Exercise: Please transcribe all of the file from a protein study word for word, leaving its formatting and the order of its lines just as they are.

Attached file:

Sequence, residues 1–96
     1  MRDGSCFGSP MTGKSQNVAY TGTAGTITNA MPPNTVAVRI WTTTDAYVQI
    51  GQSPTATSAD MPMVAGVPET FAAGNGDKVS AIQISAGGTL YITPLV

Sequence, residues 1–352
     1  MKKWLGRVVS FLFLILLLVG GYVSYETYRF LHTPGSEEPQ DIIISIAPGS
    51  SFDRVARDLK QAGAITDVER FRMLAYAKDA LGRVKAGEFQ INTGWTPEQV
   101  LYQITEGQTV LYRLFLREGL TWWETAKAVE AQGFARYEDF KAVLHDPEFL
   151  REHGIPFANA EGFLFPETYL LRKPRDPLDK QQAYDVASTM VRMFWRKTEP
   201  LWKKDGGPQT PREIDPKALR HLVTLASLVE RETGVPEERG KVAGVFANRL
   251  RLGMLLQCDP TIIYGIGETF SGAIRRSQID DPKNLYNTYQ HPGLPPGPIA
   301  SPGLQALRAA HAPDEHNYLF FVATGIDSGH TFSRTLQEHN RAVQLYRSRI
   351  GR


Sequence, residues 1–96
     1  MRDGSCFGSP MTGKSQNVAY TGTAGTITNA MPPNTVAVRI WTTTDAYVQI
    51  GQSPTATSAD MPMVAGVPET FAAGNGDKVS AIQISAGGTL YITPLV

Sequence, residues 1–352
     1  MKKWLGRVVS FLFLILLLVG GYVSYETYRF LHTPGSEEPQ DIIISIAPGS
    51  SFDRVARDLK QAGAITDVER FRMLAYAKDA LGRVKAGEFQ INTGWTPEQV
   101  LYQITEGQTV LYRLFLREGL TWWETAKAVE AQGFARYEDF KAVLHDPEFL
   151  REHGIPFANA EGFLFPETYL LRKPRDPLDK QQAYDVASTM VRMFWRKTEP
   201  LWKKDGGPQT PREIDPKALR HLVTLASLVE RETGVPEERG KVAGVFANRL
   251  RLGMLLQCDP TIIYGIGETF SGAIRRSQID DPKNLYNTYQ HPGLPPGPIA
   301  SPGLQALRAA HAPDEHNYLF FVATGIDSGH TFSRTLQEHN RAVQLYRSRI
   351  GR